Anagram or Not (IMAGE NOT ADDED)

Concepts Used

Strings, Hashing

Difficulty Level

Easy

Problem Statement (Simplified):

Check if string B can be achieved by A by rearranging letters of A. If yes print YES else NO;

See original problem statement here

Test Case

Input:
1
prep
perp

Output:
YES

Explanation:
We can achieve string B from string A if we rearrange 'r', 'e' and 'p' in string A. All possible arrangements for 'prep' are :

prep
rpep
eprp
perp
repp
erpp
pper
eppr
pepr
rppe
prpe
ppre

As we can see 'pepr' is in these arrangements. So they are anagram to each other.

Solving Approach :

Bruteforce Approach:

1) It can be solved by rearranging all letters of A and then checking all permutations, if any permutation is the same as B, then print YES, else if no permutation is same, we print NO. But this is not an efficient solution as it will take $O(n!)$ time complexity to check all permutations where $n$ is the length of the string.
2) Can you see, the above approach takes longer times for longer strings, but this can be solved more efficiently. Can you guess? Let's see a more efficient approach.

Efficient Approach :

  • As we saw in the last approach, it was very inefficient, we can refer some websites to learn programming and use Hashing to solve this problem more efficiently.
    Hashing: This method uses a hash table that stores each character of alphabets as an index and corresponding value related to character, in our case it stores the number of times a character appears in a string.

1) For two strings to be an anagram, they need to follow two conditions that are :
> 1) They must be of equal length.
> 2) They must have the same characters appearing the same number of times in any order.
2) We can check for condition $2$ which provides a more efficient solution to us.
3) To keep count of character's appearance, we use a hash table of size 26, where index 0 to 26 refer to letters in alphabets i.e. a to z.
3) To get the index value of any character S[i] we subtract a from it, hence the resultant provides a valid index.
4) When we decrease a from any character, it substracts 97(a's ASCII Value) from it's ASCII Value giving it's valued between 0 and 26, for example, b has ASCII value 97, when we subtract a from it, it results in 1. Hence, index 1 will store the number of appearances of b.
5) So we count appearances of the character in both string and match them if all are found the same, that means they're anagram, else they are not.

Example

  • Lets assume string A be $prep$ and string B be $pepr$.

  • Initially our hash table h have 0 at all places.

  • For every character we read, it's the corresponding index in the hash table can be achieved by using the following formula :

$index = ASCII(c) - ASCII('a')$ where $c$ is current character.

  • For example, for character $p$ it's corresponding index will be $ASCII('p')-ASCII('a')$ i.e. $112 - 97 = 15$. So at every appearance of character $p$, we'll increase value at index $15$ by 1.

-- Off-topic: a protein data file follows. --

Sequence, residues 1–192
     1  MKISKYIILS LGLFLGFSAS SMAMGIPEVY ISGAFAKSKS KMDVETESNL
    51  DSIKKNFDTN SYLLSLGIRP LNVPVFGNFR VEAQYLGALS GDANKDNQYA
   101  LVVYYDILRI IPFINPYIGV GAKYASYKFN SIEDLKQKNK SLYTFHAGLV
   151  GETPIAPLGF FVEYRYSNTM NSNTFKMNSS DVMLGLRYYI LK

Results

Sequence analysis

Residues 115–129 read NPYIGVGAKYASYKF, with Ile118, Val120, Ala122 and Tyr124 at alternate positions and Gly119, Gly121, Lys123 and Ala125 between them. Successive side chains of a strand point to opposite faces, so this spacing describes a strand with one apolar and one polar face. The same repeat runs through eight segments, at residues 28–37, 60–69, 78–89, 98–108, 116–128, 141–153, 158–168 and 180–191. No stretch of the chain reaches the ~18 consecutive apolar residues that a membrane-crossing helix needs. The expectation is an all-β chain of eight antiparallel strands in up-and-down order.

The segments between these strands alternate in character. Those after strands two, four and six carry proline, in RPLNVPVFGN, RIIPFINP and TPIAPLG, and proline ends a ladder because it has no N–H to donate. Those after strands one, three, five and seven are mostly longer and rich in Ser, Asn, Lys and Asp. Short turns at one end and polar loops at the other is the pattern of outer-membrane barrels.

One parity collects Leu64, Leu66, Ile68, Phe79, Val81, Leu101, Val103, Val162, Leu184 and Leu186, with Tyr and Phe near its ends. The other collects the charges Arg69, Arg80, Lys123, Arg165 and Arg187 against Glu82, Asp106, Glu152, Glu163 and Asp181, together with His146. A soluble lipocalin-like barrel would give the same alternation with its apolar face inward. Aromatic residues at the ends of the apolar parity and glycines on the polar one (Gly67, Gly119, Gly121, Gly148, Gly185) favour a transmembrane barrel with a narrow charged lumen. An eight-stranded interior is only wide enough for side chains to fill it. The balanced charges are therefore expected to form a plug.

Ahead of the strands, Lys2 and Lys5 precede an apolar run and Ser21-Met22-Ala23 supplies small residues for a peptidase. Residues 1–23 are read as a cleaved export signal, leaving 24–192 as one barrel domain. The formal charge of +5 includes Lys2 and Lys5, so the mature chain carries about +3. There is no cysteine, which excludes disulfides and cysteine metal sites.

• So after counting, our hash tables (with corresponding index and character) becomes,

Graphic-1 Here

where $hA$ stores appearances of characters in string $A$, while $hB$ stores appearances of characters in string $B$.

  • After we have counted all appearances in string A and string B, we check if all characters appear the same number of time or not.

  • If all characters appear same number of time in both strings, both strings are $Anagram$ else they are not.

  • As we can see in the above figure, all characters have same values at same indexes in hash tables, hence they're $Anagram$.

Solutions

#include <stdio.h>

    int main()
    {
      int test;
      scanf("%d",&test);

      while(test--){

        char a[10001], b[10001];
        scanf("%s%s", a,b);
        int anagram = 1;

        if(strlen(a) != strlen(b))
            anagram = 0;
        else{
            int hash[26] = {0};
            for(int i = 0; i<strlen(a); i++){
              hash[a[i]-'a']++;
              hash[b[i]-'a']--;
        }
        for(int i=0; i<26; i++){
          if(hash[i]!=0)
            anagram = 0; 
        }}

        if(anagram)
          printf("YES\n");
        else
          printf("NO\n");

      }
      return 0;
    }

#include <bits/stdc++.h>
    using namespace std;

    int main()
    {
      int test;
      cin>>test;

      while(test--){

        char a[10001], b[10001];
        cin>>a>>b;
        int anagram = 1;

        if(strlen(a) != strlen(b))
            anagram = 0;
        else{
            int hash[26] = {0};
            for(int i = 0; i<strlen(a); i++){
              hash[a[i]-'a']++;
              hash[b[i]-'a']--;
        }
        for(int i=0; i<26; i++){
          if(hash[i]!=0)
            anagram = 0; 
        }}

        if(anagram)
          cout<<"YES\n";
        else
          cout<<"NO\n";

      }
      return 0;
    }


import java.util.*;
    import java.io.*;
    import java.lang.Math;

    public class Main {
      public static void main(String args[]) throws IOException {

        Scanner sc= new Scanner(System.in);
        int test = sc.nextInt();
          while(test != 0){

            String a = sc.next();
            String b= sc.next();
            int anagram = 1;

            if(a.length() != b.length())
                anagram = 0;
            else{
                int hash[] = new int[26];
                for(int i = 0; i<a.length(); i++){
                  hash[a.charAt(i)-'a']++;
                  hash[b.charAt(i)-'a']--;
            }
            for(int i=0; i<26; i++){
              if(hash[i]!=0)
                anagram = 0; 
            }}

            if(anagram == 1)
              System.out.println("YES");
            else
              System.out.println("NO");
            test--;
          }

      }
    }

Space Complexity of this approach would be O(1)

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